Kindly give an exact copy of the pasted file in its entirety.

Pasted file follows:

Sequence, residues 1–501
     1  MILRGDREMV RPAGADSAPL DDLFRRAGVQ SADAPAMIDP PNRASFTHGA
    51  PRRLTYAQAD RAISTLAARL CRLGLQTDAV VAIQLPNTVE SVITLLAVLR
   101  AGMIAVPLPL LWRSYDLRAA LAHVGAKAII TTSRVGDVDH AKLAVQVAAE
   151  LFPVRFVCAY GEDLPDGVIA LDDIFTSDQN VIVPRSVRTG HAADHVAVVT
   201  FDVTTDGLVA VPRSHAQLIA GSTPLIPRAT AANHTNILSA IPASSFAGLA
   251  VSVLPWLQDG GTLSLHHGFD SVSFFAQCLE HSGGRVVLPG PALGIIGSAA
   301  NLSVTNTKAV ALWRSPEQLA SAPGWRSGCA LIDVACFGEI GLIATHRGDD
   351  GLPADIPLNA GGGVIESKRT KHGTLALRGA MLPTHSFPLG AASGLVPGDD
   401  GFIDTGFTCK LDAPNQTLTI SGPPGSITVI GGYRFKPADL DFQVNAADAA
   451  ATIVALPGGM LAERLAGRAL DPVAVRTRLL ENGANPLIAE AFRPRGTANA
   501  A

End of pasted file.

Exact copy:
Sequence, residues 1–501
     1  MILRGDREMV RPAGADSAPL DDLFRRAGVQ SADAPAMIDP PNRASFTHGA
    51  PRRLTYAQAD RAISTLAARL CRLGLQTDAV VAIQLPNTVE SVITLLAVLR
   101  AGMIAVPLPL LWRSYDLRAA LAHVGAKAII TTSRVGDVDH AKLAVQVAAE
   151  LFPVRFVCAY GEDLPDGVIA LDDIFTSDQN VIVPRSVRTG HAADHVAVVT
   201  FDVTTDGLVA VPRSHAQLIA GSTPLIPRAT AANHTNILSA IPASSFAGLA
   251  VSVLPWLQDG GTLSLHHGFD SVSFFAQCLE HSGGRVVLPG PALGIIGSAA
   301  NLSVTNTKAV ALWRSPEQLA SAPGWRSGCA LIDVACFGEI GLIATHRGDD
   351  GLPADIPLNA GGGVIESKRT KHGTLALRGA MLPTHSFPLG AASGLVPGDD
   401  GFIDTGFTCK LDAPNQTLTI SGPPGSITVI GGYRFKPADL DFQVNAADAA
   451  ATIVALPGGM LAERLAGRAL DPVAVRTRLL ENGANPLIAE AFRPRGTANA
   501  A